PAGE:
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I have a basic question. I have seen videos of wound treatment, where the doctor induces bleeding around the edge of the wound... to create granulation tissue... then suturing the wound.

My question is... what if an open wound dries up... will it eventually close on its own without inducing bleeding at the edges? or is this a necessary part of reattaching skin together.

I have the same question with regards to muscle, fat... if there's a situation where fat or muscle has torn and needs to be sutured together... does bleeding always need to be induced at the tear to promote reattachment. Or can reattachment happen if the tissues are just sutured together?

EDIT: Here's a video. Warning it is graphic:

https://www.youtube.com/watch?v=sHY9TuqLYRI&t=148s

Watch 2:08-2:27

He talks about roughing up the tissue before suturing. So my question is... what happens if you suture without doing this first... will the skin still eventually close up?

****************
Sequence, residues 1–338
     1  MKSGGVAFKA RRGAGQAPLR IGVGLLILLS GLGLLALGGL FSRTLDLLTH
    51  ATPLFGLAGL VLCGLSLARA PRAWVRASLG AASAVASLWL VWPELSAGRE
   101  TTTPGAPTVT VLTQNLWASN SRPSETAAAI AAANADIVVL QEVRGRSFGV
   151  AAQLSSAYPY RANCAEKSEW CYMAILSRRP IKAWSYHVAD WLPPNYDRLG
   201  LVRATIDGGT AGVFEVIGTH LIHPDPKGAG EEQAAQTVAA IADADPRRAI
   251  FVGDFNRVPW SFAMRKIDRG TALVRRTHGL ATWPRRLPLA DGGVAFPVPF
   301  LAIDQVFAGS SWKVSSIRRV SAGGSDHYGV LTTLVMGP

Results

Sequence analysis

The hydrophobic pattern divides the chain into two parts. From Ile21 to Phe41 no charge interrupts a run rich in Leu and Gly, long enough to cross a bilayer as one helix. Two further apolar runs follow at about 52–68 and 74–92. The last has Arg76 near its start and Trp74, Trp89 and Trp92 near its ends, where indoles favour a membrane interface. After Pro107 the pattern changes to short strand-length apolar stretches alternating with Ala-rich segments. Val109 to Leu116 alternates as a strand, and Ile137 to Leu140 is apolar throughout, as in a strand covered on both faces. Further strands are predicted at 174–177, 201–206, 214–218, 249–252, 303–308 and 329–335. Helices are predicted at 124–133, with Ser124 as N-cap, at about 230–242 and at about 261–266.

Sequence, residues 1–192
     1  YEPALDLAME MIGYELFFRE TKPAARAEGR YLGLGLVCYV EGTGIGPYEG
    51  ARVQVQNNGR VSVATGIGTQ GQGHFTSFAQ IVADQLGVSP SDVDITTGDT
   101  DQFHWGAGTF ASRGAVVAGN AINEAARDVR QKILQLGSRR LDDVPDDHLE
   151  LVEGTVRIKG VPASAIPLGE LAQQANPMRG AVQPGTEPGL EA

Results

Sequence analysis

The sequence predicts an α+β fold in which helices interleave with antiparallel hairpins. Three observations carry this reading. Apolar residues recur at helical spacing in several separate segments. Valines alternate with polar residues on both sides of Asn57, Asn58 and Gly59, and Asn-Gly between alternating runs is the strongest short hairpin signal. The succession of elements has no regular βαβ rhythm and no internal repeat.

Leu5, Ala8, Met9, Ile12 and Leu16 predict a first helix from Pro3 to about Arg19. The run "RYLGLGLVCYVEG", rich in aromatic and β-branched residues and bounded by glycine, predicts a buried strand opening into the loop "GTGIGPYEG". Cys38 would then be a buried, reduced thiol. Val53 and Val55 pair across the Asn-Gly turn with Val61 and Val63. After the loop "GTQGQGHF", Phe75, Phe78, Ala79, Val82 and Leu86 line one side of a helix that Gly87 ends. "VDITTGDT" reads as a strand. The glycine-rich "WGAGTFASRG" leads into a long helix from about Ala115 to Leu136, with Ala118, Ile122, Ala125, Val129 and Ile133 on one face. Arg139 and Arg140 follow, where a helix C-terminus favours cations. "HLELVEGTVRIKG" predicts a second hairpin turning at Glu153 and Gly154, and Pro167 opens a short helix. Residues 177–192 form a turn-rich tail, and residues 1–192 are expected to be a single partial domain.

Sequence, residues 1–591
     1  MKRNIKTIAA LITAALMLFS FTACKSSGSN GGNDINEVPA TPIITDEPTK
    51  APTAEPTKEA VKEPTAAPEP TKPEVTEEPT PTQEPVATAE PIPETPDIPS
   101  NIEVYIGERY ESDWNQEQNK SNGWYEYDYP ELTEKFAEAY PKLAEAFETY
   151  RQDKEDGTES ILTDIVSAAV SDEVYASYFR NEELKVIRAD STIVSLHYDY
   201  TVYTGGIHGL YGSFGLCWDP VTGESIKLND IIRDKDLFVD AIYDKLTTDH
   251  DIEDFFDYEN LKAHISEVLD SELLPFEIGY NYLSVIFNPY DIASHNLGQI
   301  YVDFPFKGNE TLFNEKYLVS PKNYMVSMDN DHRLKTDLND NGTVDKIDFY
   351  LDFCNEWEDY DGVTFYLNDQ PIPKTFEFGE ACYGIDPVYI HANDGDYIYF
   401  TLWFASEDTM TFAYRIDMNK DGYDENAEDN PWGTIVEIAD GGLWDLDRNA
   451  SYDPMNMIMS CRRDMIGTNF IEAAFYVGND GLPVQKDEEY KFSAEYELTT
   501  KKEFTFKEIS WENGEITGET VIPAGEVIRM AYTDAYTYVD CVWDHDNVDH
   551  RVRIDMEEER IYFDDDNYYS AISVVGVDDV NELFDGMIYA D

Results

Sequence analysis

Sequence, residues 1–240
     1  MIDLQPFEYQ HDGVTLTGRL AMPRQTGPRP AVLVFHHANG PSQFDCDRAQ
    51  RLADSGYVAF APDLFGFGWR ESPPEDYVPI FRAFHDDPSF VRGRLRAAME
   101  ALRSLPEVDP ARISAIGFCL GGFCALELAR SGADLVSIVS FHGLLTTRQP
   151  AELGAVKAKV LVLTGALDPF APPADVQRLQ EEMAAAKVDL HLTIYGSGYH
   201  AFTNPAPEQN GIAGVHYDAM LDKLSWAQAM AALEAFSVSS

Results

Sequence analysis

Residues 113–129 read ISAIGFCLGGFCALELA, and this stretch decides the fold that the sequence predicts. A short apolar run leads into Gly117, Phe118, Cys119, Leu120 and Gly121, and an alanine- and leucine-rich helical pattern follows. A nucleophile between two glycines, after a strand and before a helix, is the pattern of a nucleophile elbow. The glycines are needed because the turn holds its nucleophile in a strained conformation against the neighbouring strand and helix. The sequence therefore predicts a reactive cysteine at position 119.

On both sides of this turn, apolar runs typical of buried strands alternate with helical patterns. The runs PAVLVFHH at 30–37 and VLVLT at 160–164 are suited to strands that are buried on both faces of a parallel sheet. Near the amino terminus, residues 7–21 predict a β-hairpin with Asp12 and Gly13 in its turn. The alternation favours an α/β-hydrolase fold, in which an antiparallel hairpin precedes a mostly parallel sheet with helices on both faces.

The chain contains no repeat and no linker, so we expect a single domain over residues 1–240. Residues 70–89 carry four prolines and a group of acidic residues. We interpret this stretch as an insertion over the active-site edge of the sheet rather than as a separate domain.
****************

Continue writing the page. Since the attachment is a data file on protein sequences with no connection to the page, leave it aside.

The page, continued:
What about an extreme case where the wound has been dry for months... now you suture without doing anything else first... will the skin still fuse together eventually?

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    Can you just include a link of a such video and this can then become a great question.
    – Jan
    Sep 9, 2019 at 8:20
  • I've added a video. Warning the video is graphic. Sep 9, 2019 at 8:52
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    An old wound can close on its own, and most do, but probably with quite some scarring. I believe that treatment of old wounds includes cutting the old tissue to make a fresh wound and suture it. If there is no infection, such a wound can heal just fine with a minimal scarring.
    – Jan
    Sep 10, 2019 at 17:28
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    Hm, I was not clear. By saying an old wound, I meant a wound that is several hours/few days old, not months or so. If you tie the hands together for a long time, they will not fuse. This is also why a wound old enough does not fuse. I'm not sure about exact timing right now.
    – Jan
    Sep 11, 2019 at 6:31
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    Yes, you can say granulation tissue. Wound healing involves several phases (hemostatic, inflammatory, proliferative and maturating), which require the presence of macrophages and other cells to remove the damaged tissue, the arrival of new cells that can build new tissue, etc. woundsource.com/blog/four-stages-wound-healing , ncbi.nlm.nih.gov/books/NBK470443
    – Jan
    Sep 11, 2019 at 12:54

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